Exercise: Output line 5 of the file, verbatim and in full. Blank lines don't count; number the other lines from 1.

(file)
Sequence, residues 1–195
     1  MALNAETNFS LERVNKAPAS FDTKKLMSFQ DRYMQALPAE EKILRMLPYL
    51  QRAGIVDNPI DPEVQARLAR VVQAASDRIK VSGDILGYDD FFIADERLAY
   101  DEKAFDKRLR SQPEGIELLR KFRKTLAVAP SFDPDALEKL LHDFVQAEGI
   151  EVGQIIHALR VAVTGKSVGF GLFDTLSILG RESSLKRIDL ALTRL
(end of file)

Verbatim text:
   151  EVGQIIHALR VAVTGKSVGF GLFDTLSILG RESSLKRIDL ALTRL